• Saudi Arabian air defenses have intercepted and shot down four ballistic missiles and seven drones laden with explosives launched by the Shiite Houthi rebels in Yemen, state-run SPA reported.


Saudi energy minister phones Iraqi counterpart, commends OPEC+ compliance

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Category : News , Oil Prices

By James Herron on 7/13/2020

LONDON (Bloomberg) –Saudi Arabia commended Iraq for implementing almost all of its oil production cuts last month, another sign that the disputes over cheating that dominated recent meetings are being resolved.

Saudi Energy Minister Prince Abdulaziz Bin Salman spoke by phone with his Iraqi counterpart Ihsan Abdul Jabbar Ismail, according to state-run Saudi Press Agency. Both men reaffirmed their commitment to the OPEC+ deal and the prince expressed satisfaction with Baghdad’s improved compliance with its output target.

Iraq implemented almost 90% of its pledged supply curbs in June and would reach full compliance at the beginning of August, according to the statement published by SPA.

Ministers from the Organization of Petroleum Exporting Countries and its allies will hold a video conference later this week to review the deal, with delegates suggesting that they will proceed with the plan to begin tapering the historic output reductions in August.

Iraq and several other members of the group have promised additional production curbs from July to September to make up failing to hit their targets in May. The figures in Monday’s statement suggest that Baghdad will have to deepen those reductions to compensate for also falling short in June and July.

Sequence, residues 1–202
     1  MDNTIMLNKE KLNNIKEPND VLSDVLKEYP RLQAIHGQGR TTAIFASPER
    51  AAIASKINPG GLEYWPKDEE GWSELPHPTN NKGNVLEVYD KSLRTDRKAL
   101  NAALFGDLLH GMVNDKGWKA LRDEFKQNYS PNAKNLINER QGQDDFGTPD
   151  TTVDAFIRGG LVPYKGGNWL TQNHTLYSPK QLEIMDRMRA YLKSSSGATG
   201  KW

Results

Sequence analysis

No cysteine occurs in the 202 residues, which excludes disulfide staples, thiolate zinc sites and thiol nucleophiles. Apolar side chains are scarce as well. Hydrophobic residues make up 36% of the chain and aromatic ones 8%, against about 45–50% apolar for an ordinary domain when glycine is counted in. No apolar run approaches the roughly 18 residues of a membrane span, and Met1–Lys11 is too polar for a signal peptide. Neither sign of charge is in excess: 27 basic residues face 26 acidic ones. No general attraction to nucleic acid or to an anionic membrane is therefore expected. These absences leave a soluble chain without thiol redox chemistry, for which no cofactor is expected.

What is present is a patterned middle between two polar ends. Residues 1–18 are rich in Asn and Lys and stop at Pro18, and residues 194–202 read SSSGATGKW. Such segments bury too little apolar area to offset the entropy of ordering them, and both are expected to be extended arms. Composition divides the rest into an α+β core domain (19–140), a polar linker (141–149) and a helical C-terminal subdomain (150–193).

Exxon resumes drilling offshore Guyana amid travel bans and political drama

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Category : Drilling , News

By Peter Millard and Kevin Crowley on 7/13/2020

RIO DE JANEIRO (Bloomberg) –Exxon Mobil resumed drilling in Guyana last month, underscoring its dedication to the offshore hotspot despite the oil price crash and a messy turn in local politics.

Two of Exxon’s four drillships went back to work, according to data published Friday by Baker Hughes Co. The company later confirmed that the Stena Carron and Noble Tom Madden vessels returned to full operations last month. The rigs had been shut when the country of less than a million closed its borders after the pandemic hit South America.

Guyana is one of the major exploration successes for a company that has come under criticism for how it manages capital. Its oil and natural gas unit took a hit of as much as $3.1 billion in the second quarter due to the pandemic-induced price collapse, it said July 2.

“Travel restrictions have impacted our ability to move workers into Guyana and will impact our ability to maintain normal operations offshore,” Exxon said in an emailed statement late Friday.

The oil major “will also adjust the pace of our development projects and exploration activities” given the plunge in oil prices, but still plans to pursue “key exploration opportunities,” it said.